Karen Katz, president and chief executive officer of the $4.7 billion Neiman Marcus Group and a 32-year veteran of the business, will soon leave the company, according to sources.
“She is ready for a change. The company has seen some turnaround,” said a source familiar with the situation. “Karen’s had enough.”
For a successor, NMG owners Ares Management and Canada Pension Plan Investment Board are likely to select someone from outside the company and outside of luxury retail. “They want someone with a fresh perspective,” the source said. It’s believed Katz will stay on the Neiman’s board.
Second-in-command at NMG is Jim Gold, chief merchandising officer and president of Neiman Marcus, Bergdorf Goodman and Neiman Marcus International. NMG operates the Neiman Marcus department store chain, Bergdorf’s, Neiman Marcus Direct, Mytheresa, Last Call and Horchow.
For the quarter ended Oct. 28, 2017, Neiman’s had revenues of $1.12 billion, an increase of 3.8 percent from $1.08 billion in revenues in the year-ago period. There was a net loss of $26.2 million in the last quarter, compared to $23.5 million in the year-ago quarter. Adjusted earnings before interest, taxes, depreciation and appreciation was virtually flat at $123.5 million, compared to $122.9 million a year ago.
The losses are still deep and the long-term debt remains high at about $4.4 billion. However, in recent months Katz has cited improvements and momentum in the business. The company did narrow its net loss in its last fiscal year, and Katz said the performance at Neiman’s stores was stabilizing. She also said the company was “doubling down” on digital growth and online services through a strategy called Digital First, and that the new NMG One inventory management system, after a rocky start, had resolved its operational issues which disrupted ordering and information exchange with vendors.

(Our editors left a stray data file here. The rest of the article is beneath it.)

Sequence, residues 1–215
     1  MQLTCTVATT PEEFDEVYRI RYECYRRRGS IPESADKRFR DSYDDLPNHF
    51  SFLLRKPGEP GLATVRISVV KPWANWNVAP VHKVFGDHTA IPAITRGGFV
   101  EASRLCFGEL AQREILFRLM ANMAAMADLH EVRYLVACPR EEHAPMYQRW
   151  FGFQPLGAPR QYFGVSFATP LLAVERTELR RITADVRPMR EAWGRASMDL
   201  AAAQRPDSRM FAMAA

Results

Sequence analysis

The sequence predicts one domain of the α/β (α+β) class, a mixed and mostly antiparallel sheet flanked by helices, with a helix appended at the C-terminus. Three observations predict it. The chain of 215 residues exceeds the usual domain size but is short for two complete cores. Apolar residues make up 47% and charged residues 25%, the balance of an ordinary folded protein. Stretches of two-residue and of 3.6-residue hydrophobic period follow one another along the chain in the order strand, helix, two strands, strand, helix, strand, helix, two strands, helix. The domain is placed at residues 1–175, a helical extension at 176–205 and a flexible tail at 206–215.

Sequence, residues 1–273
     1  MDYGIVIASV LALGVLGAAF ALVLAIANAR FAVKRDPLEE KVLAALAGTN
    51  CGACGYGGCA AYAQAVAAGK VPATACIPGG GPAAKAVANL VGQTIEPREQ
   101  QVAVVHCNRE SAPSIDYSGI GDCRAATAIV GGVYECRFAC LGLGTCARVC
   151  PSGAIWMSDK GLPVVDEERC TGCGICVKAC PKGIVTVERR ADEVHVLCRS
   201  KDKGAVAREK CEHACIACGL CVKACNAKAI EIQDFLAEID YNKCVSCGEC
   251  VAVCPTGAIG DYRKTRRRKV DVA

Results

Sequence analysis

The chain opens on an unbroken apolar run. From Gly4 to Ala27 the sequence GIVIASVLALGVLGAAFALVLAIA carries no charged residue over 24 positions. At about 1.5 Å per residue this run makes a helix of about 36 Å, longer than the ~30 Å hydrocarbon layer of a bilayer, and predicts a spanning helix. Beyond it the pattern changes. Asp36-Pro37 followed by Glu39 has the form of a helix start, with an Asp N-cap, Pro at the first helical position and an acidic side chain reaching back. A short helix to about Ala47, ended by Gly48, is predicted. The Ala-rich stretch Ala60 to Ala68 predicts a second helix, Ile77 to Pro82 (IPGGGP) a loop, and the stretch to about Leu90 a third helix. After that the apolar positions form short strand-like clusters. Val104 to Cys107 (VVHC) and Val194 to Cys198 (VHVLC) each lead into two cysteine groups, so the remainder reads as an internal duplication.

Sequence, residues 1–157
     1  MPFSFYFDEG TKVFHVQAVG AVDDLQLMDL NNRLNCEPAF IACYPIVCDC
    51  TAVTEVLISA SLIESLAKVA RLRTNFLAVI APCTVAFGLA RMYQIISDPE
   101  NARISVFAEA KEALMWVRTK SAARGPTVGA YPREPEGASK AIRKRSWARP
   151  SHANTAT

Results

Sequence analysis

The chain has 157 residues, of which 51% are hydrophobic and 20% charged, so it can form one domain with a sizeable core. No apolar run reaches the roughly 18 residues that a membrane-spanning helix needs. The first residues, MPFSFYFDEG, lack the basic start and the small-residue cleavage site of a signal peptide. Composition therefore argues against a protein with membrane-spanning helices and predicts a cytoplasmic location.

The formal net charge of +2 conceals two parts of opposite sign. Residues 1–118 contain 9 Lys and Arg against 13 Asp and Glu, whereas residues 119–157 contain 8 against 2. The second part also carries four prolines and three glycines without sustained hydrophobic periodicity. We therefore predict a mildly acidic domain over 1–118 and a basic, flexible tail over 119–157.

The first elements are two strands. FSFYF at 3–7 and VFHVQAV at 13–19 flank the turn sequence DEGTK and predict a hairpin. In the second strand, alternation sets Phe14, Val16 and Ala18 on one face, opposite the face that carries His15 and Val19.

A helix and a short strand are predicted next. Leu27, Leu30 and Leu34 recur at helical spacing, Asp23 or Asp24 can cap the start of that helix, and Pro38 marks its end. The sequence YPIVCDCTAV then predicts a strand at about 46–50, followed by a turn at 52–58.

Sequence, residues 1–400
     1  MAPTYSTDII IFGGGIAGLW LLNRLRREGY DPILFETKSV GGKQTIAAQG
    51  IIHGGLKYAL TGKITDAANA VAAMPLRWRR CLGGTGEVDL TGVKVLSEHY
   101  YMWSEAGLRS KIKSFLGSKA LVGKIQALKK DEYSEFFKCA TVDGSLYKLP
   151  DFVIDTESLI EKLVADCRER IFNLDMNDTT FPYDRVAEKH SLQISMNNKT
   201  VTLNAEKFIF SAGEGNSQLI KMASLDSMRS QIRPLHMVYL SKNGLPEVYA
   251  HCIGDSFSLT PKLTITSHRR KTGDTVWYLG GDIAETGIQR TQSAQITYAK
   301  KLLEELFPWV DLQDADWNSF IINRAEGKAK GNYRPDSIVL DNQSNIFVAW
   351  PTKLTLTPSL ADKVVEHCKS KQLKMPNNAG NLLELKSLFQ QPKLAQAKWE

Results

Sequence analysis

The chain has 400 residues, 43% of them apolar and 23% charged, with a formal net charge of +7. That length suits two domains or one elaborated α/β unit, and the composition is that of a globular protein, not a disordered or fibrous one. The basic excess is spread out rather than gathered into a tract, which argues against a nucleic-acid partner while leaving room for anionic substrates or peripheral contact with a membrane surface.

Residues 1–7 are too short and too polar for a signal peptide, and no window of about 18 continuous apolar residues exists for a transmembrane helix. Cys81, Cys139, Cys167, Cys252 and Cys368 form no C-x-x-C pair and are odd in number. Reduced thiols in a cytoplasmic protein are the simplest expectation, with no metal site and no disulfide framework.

The 60-year-old Katz began her retail career in 1978 in the training program of the now-defunct Foley’s department store chain in Houston. She joined Neiman’s as assistant manager of the Houston store in 1985. She rose up the ranks, becoming divisional merchandise manager of handbags, general manager of the North Park store in Dallas, one of the chain’s biggest volume units, and then senior vice president and director of all stores in 1996. She became an executive vice president in 1998, president and ceo of Neiman Marcus Direct in 2000 and ceo of Neiman Marcus Stores in 2002. In October 2010, she became president and ceo of the entire company.
Neiman Marcus had no comment Thursday, after The Wall Street Journal reported that Katz was leaving the company.